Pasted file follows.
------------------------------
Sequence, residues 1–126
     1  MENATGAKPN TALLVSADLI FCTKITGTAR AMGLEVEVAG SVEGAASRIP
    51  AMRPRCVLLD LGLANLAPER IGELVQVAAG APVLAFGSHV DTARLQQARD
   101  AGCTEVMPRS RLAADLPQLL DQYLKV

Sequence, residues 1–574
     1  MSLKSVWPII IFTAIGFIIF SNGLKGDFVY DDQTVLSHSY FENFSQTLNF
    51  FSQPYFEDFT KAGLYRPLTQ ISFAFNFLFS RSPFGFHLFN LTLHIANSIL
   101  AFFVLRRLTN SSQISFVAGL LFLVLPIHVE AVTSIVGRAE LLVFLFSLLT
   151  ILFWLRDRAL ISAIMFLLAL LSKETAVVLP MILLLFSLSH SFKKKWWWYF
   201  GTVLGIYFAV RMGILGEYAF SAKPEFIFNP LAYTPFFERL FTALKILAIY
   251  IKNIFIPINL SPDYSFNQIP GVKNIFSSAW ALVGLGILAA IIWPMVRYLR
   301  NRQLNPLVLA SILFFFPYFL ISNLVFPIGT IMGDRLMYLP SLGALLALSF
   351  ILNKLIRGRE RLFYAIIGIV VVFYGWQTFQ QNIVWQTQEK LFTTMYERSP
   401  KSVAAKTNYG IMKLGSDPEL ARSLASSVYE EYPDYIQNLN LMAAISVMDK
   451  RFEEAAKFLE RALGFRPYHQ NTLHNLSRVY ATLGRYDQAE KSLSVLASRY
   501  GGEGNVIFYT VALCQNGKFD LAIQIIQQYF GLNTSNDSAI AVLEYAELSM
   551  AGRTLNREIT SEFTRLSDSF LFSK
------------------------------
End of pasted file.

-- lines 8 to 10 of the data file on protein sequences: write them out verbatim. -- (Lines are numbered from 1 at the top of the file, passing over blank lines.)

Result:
   101  AFFVLRRLTN SSQISFVAGL LFLVLPIHVE AVTSIVGRAE LLVFLFSLLT
   151  ILFWLRDRAL ISAIMFLLAL LSKETAVVLP MILLLFSLSH SFKKKWWWYF
   201  GTVLGIYFAV RMGILGEYAF SAKPEFIFNP LAYTPFFERL FTALKILAIY